I am not a qualified dog trainer, the training techniques I use are based on what I have experienced over my life of owning dogs, learning from my dogs and through attending training with my own dogs.
I ONLY use reward based positive reinforcement training and never use any form of force or aversive training techniques and I never do anything that will cause Bella any pain or distress.
The particular type of positive reinforcement training I am doing with Bella, training her assistance tasks, the training is carried out by myself under the guidance of a specialist dog trainer.
We currently train with Keith at - The Dog House - an indoor arena training centre, Bella and I do a group class twice a week purely for socialisation and so I am able to work and train Bella with lots of distractions, we also have a weekly lesson with Keith and he has been invaluable in helping Bella progress.
THE most important training technique is for me to remember to work as a TEAM!
Lead your pack!!
I believe training your dog begins way before you start teaching commands! You need to take the lead from day one! Basically, in a dogs world there is no democracy! In a dog pack mentality, a dog has no problem at all being controlled by the highest ranking member of the pack (which should be you by the way!), a confident/pushy dog may occasionally try to push the boundaries or negotiate terms but generally they are much happier knowing exactly who is in charge - and if they see no one is in charge they will see it as their right to fill the position of leader, its just innate, they know someone HAS to be the leader – BUT leadership doesnt come naturally to all dogs, and an unconfident or nervous dog forced into thinking it has to be in charge will, without doubt, find the situation stressful - which in turn can lead to all kinds of behaviour problems.
Life is easier for them AND for you if you make sure they know you are in charge and your leadership is clear and consistent from the start making them feel safe. I believe the trick is to 'think' like a dog and you are halfway there! ha!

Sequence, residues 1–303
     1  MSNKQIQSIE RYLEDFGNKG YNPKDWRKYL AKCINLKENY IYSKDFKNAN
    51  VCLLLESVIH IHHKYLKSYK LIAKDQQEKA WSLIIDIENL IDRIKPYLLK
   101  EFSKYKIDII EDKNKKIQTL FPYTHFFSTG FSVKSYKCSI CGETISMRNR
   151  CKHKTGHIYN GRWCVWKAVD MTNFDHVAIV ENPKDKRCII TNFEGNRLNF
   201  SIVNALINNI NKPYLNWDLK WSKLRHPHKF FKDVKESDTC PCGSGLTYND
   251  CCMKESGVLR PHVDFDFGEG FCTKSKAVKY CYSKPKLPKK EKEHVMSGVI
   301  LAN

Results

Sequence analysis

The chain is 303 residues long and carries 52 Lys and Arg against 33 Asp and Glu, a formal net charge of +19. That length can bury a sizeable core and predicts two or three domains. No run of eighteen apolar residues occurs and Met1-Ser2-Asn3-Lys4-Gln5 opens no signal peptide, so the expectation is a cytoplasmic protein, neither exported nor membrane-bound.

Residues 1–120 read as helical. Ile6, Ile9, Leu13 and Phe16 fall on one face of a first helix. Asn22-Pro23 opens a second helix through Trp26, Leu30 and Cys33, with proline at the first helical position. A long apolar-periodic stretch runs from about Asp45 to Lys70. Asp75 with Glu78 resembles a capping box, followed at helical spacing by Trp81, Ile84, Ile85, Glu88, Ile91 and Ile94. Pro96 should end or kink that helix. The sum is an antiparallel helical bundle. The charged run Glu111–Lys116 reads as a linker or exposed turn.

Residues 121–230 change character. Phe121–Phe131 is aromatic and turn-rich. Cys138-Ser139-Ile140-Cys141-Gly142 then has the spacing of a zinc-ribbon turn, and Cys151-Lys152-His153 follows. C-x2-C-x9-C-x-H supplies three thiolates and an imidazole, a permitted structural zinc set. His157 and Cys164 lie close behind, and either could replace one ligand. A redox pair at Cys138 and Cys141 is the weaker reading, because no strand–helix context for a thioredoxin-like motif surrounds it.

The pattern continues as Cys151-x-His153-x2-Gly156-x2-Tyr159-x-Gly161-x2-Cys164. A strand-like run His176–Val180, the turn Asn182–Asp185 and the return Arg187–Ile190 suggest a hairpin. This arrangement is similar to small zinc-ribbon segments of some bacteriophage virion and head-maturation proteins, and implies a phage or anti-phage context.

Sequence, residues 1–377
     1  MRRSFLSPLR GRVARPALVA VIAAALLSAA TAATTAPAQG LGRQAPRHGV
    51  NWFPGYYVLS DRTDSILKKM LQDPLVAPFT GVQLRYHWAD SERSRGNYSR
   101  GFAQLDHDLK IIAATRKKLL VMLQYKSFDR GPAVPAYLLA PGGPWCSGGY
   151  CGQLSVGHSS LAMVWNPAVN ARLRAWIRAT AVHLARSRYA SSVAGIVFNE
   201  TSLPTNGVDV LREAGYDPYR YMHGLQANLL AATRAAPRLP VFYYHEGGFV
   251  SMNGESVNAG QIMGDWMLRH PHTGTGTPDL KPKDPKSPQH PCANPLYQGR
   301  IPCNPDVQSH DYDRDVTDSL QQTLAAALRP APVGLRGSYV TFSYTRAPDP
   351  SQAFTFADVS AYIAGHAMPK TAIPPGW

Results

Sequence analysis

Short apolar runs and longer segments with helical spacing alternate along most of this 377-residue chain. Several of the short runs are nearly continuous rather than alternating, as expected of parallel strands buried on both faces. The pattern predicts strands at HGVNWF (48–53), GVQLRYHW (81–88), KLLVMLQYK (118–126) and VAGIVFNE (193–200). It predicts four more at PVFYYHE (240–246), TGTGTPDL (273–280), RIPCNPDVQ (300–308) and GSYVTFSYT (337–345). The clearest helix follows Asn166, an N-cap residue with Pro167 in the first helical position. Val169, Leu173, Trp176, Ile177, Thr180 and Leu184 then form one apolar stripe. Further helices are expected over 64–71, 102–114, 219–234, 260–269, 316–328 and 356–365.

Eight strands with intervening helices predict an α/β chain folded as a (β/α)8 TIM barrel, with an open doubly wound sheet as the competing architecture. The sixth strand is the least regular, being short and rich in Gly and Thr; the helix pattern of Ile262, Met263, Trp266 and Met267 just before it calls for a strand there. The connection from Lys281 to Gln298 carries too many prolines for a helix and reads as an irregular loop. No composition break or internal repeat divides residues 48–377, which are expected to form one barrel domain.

Establishing myself as a leader that Bella will look up to, that makes her feel safe and confident and most important that she wants to work with, is the single most important thing I can do for Bella. It also takes an understanding of how dog behaviours develop.
To establish myself as leader doesn't mean using force, aversive techniques, causing pain or distress - I use some 'Golden Rules' which if used consistently will re-enforce me as pack leader.
Click for more info on my Golden Rules for training
I only use reward based, positive reinforcement when training Bella, I also use a combination of training techniques called luring and shaping and techniques based on motivation through play, praise and reward - all part of a positive reinforcement approach - Ill explain more about these in the page getting the behavior you want
It is important when I'm training Bella that training is done in as many different locations as possible, with as many different distractions I can think of (using the three D's), it will ensure that Bella is de-sensitized to a variety of situations and it gives her confidence to be able to work for me in any situation. It is also important that Bella has the chance to problem solve and think for herself to work out how to get past a difficult task. So I will set her up for a success and help her achieve her task. There are specific puzzles that can help teach dogs how to problem solve but by observing Bella generally, seeing how her behaviours develop and watching how she approaches training has given me an insight how the thought process works for her. Although it is essential to be consistent, that doesn't mean being predictable. Dogs are smart enough to predict what you are going to ask them to do next if you do the same sequence of training each session, so I don't practice commands in the same order every time. I do not have a problem with Bella making mistakes as it gives me an opportunity to do a correction and teach her something.
I personally think its important to have a release command when training so it gives a clear cut communication to Bella that the task is done.
One thing I will say about training in any situation, is if I feel I am getting frustrated at all with Bella, or losing my patience – I break the session and get Bella to do something that I know she can carry out and be successful, that will just mentally move her out of the negativity and give her confidence, it also gives me a break and time to re focus.
And lastly on the subject of training in general - make it fun!
For more on my Training Techniques see these pages ...
10 Golden Rules
Getting the Behaviour you want
the Three D's